National Center for Supercomputing Applications MyProxy Credential Management Service University of Illinois at Urbana-Champaign

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For consistent behavior from redundant MyProxy servers, we recommend running the same MyProxy software version on all servers, with coordinated software upgrades. Differences between MyProxy software releases, including potential incompatibilities, are documented in the release notes.

MyProxy servers can be configured to provide high availability in the presence of network failures, power outages, or other faults that make a subset of the MyProxy servers unreachable by MyProxy clients. To achieve high availability, redundant MyProxy servers should be deployed to minimize shared points of failure. Geographically distributed MyProxy servers can be deployed to provide service in the case of wide area network outages and partitions. Redundant MyProxy servers can also be deployed in a single machine room (ideally with separate power supplies and network links) to provide recovery from server hardware failures.

For an example highly available configuration of MyProxy, see the CERN High Availability Implementation for MyProxy.

A MyProxy server can be configured to act as a certificate authority, a credential repository, or both. The following sections describe how to configure redundant MyProxy servers for these configuration options. It is assumed that you are already familiar with the MyProxy server installation process.


Client Configuration

MyProxy client support for trying all IP addresses was added in MyProxy v3.7 and Java CoG 1.4.

MyProxy client support for multiple server hostnames was added in MyProxy v4.4 and Java CoG 1.6.1.

MyProxy clients locate the myproxy-server based on the hostname(s) given as input (on the command line, from the MYPROXY_SERVER environment variable, etc.). MyProxy clients will attempt to connect to each myproxy-server hostname (in order), trying each IP address (in order) returned by DNS for that hostname, until a connection is successfully established or all possible addresses have been attempted. The myproxy-server hostnames can be specified in order according to network distance (i.e., try the "nearest" server first) or according to a primary/backup scheme, as determined by the myproxy-server administrator.

For example:

$ export,,
$ myproxy-logon -v
MyProxy v5.0 4 Dec 2009 PAM OCSP
Attempting to connect to
Attempting to connect to
Attempting to connect to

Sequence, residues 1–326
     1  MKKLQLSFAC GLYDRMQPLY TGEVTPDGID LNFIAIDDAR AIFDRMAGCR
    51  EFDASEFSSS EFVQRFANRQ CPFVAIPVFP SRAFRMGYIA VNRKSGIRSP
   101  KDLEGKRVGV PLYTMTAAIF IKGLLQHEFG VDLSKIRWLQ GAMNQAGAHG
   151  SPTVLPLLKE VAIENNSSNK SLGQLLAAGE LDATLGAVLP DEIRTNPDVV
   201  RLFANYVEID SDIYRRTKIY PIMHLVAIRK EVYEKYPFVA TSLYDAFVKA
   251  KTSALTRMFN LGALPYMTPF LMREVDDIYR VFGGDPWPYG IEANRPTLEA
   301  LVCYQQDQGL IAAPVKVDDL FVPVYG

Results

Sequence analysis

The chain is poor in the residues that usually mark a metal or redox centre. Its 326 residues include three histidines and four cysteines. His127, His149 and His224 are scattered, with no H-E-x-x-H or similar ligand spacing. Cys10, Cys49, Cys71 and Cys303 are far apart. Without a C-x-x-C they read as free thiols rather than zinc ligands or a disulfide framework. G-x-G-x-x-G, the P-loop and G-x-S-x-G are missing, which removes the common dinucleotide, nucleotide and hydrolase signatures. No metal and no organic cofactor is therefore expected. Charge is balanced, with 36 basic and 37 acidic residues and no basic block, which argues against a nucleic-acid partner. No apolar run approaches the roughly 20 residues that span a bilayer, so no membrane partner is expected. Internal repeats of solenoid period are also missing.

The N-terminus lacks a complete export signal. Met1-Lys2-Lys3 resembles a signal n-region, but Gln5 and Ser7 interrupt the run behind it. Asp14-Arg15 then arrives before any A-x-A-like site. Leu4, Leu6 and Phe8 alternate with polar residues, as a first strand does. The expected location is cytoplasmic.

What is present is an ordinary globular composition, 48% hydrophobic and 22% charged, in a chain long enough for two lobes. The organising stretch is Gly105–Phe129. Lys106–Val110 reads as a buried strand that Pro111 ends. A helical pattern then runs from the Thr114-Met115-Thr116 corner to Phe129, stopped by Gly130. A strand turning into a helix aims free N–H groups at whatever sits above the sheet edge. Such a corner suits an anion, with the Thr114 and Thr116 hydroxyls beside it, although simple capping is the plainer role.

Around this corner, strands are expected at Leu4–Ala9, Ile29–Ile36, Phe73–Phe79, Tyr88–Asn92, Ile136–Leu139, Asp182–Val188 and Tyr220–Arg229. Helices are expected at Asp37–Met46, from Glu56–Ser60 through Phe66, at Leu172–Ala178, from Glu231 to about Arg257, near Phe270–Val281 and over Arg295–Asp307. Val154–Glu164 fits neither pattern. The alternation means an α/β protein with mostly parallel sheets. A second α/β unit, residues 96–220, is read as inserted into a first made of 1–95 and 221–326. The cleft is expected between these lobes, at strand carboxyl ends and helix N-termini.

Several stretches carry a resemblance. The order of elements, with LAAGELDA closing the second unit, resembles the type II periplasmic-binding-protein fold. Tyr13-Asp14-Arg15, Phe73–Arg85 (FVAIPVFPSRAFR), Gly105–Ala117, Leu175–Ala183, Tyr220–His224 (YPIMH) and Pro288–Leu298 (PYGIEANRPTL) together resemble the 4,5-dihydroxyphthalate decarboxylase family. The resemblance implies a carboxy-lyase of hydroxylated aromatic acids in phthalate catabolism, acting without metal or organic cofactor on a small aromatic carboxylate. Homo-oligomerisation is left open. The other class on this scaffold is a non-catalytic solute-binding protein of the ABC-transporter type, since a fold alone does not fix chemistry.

Successfully connected to
using trusted certificates directory /home/jbasney/.globus/certificates
server name: /C=US/O=National Center for Supercomputing Applications/OU=Services/
checking that server name is acceptable...
server name matches ""
authenticated server name is acceptable
Enter MyProxy pass phrase:
A credential has been received for user jbasney in /tmp/x509up_u501.

In the above example, we pass the -v flag for verbose output showing that the myproxy-logon command attempts to connect to the IP addresses associated with the three configured MYPROXY_SERVER hostnames, and the third attempt is successful.

Here is a similar example using the Java CoG (with debugging output enabled):

$ myproxy -h,, anonget
Enter MyProxy Pass Phrase:
[main] DEBUG myproxy.MyProxy - getSocket(): Trying
[main] DEBUG myproxy.MyProxy - Failed.
[main] DEBUG myproxy.MyProxy - getSocket(): Trying
[main] DEBUG myproxy.MyProxy - Failed.
[main] DEBUG myproxy.MyProxy - getSocket(): Trying
[main] DEBUG myproxy.MyProxy - Succeeded.
[main] DEBUG myproxy.MyProxy - getSocket(): Connected to
A proxy has been received for user jbasney in /tmp/x509up_u501

Replicating a MyProxy CA

For the most part, replicating a MyProxy CA simply requires installing MyProxy servers on multiple machines and configuring them the same way, i.e., with the same certificate_mapfile and PAM setup. However, there are two options for managing the private keys.

One option is to create multiple CAs, each with their own private keys. The CAs can have names like "CN=My Organization CA #1" and "CN=My Organization CA #2" or "CN=My Organization CA East" and "CN=My Organization CA West" or whatever scheme makes the most sense in your situation. In this case you must distribute the public keys (usually as part of self-signed certificates) for all of the CAs to your relying parties, which adds some complexity over having a single CA, but not too much (i.e., you can distribute them in an archive format such as a zip or tar file). The benefit of this approach is the possibility of removing one of the CAs from the trust list if it is compromised, without affecting the other CAs. To this end, it can be useful to make the CAs subordinate to a root CA that can revoke them if needed.

The other option is to use the same private key for all the MyProxy CA replicas. In this case, when setting up the replicas, copy the CA private key and and certificate to the replicas very carefully, using an encrypted channel, such as scp or sftp. Then, edit the certificate_serialfile so that each CA instance issues certificates with different serial numbers. (Note that this file contains the serial number in hexadecimal.) For example, one CA can be initialized with "0", another with "100000", another with "200000", and so forth, so they can each issue over a million certificates without conflicting serial numbers. Or, set certificate_serial_skip in myproxy-server.config (supported by myproxy-server v4.7 and later) to stagger the serial numbers across the replicas. The benefit of this approach is that you can have many replicas with needing only to distribute a single CA public key (certificate). However, many copies of the CA private key on the replicas increases the possibility of compromise, so it should be used with caution.

Replicating a MyProxy Repository

Replicating a MyProxy repository requires maintaining consistent repository state across the replicas, so a credential stored on one replica can be retrieved from another replica. We can envision multiple approaches to repository replication: